In most cases where judges are elected by popular vote lawyers tend to be major contributors to their election campaigns. This insures favorable treatment if they appear before the judge after he or she is elected. Often the lawyers contribute because they know the candidate personally but in most cases it is purely a business decision. Now according to the New York Times the trend has changed, “The study looked at contributors who gave $1,000 or more in the six years preceding the decision, the term length for justices. It also considered, for the most part, only the contributors most directly affected by a ruling: the parties themselves and groups that filed supporting briefs urging the court to rule a certain way. Contributions from lawyers were excluded from the study’s main findings. Lawyers are far more likely than other contributors to give to judges across the ideological spectrum, and — because their firms often handle a wide variety of cases — they generally do not have the intensely focused interest in the outcome of a particular case that their clients do. More than 200 times, moreover, justices sat on cases after receiving contributions from lawyers on both sides. (Emphasis mine). This is the way the system works. The whole notion that justice is meted out based upon the fervor, wiles and acumen of attorneys is just not true. More and more the rulings of courts are based upon who has paid the judges and how much.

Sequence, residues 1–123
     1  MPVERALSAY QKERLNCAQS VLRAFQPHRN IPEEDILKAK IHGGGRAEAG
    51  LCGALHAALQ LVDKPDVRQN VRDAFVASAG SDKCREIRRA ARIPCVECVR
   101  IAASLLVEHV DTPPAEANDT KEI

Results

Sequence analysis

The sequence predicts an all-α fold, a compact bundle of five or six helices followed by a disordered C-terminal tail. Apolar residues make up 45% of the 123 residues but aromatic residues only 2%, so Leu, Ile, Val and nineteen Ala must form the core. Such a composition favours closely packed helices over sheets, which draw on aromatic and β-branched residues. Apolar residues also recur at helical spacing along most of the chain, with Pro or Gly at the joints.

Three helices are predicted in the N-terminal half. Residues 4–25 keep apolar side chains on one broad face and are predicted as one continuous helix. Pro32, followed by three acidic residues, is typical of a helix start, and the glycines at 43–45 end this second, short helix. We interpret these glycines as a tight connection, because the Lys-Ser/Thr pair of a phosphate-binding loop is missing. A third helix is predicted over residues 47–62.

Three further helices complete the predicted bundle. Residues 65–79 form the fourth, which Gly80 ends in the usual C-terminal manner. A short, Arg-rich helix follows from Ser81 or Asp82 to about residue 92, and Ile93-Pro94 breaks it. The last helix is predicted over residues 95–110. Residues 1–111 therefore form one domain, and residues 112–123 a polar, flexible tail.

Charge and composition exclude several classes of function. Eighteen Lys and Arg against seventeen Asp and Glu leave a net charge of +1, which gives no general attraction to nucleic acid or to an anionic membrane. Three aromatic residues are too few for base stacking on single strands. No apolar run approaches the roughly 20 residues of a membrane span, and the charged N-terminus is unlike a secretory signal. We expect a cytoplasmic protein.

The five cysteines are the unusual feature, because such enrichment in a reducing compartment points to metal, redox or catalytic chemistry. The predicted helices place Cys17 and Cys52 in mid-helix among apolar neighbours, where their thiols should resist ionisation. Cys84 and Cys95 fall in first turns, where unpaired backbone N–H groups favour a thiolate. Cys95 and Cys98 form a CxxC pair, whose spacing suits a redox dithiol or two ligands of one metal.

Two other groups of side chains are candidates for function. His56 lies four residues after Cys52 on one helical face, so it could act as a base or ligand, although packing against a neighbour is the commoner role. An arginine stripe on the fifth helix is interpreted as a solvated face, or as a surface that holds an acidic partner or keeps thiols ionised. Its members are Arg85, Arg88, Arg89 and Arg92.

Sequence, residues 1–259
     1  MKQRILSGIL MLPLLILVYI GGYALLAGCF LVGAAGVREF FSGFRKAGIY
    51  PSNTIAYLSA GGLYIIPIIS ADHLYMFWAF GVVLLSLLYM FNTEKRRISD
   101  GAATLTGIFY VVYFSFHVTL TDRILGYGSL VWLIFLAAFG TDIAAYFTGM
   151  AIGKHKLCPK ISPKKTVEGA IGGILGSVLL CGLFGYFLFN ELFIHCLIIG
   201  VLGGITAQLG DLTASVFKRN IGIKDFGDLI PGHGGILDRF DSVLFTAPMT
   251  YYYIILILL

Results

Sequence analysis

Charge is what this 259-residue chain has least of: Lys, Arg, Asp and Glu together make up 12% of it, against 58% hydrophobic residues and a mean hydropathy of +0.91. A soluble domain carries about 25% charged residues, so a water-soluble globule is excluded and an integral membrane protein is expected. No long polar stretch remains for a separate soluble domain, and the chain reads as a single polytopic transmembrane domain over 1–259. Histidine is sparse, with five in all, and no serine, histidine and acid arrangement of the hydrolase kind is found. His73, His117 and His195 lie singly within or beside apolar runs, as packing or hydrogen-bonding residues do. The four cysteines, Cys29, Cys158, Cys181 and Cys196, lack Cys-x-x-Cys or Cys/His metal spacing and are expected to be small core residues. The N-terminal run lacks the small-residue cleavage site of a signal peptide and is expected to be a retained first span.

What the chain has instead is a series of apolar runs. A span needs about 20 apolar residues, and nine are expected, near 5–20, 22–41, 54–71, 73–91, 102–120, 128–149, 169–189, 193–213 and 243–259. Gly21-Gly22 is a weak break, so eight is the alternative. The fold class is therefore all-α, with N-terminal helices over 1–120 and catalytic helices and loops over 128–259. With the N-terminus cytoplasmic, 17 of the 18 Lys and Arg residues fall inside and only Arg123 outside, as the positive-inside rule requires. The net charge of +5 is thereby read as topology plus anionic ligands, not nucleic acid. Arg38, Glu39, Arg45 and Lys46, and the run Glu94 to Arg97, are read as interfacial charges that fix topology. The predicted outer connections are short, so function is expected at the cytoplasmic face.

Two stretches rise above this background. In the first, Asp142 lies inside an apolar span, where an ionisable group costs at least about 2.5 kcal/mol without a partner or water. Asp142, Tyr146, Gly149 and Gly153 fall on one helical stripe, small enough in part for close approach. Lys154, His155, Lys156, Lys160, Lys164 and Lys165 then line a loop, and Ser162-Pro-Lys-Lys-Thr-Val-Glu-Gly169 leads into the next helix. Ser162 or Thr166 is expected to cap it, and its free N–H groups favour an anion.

We should not be surprised at this. This is not new. In fact the US judicial systems were set up to review legislation and arbitrate civil cases primarily of economic importance. The poor man, due to costs did not have access to the civil courts. That is how class action suits became popular it was a sort of collective way to get the courts attention spread and share the costs of litigation. But class action suits cannot compete with the dollars the trial lawyers, special interests groups and corporations can ante up. “Interest groups on the other side give, too, and the justices they support overwhelmingly vote their way. But Justice Pfeifer says the balance of financial power has shifted to business groups. ‘I don’t care how well a trial lawyer does or how big a pot a labor union has,’ he said, ‘they can’t begin to match the business corporations. It’s not a fair fight.’” That is the crux of the issue, the way the system is now, is not fair or just because money rules. In other words in AmeriKKKa justice is for $ale to the highest bidder.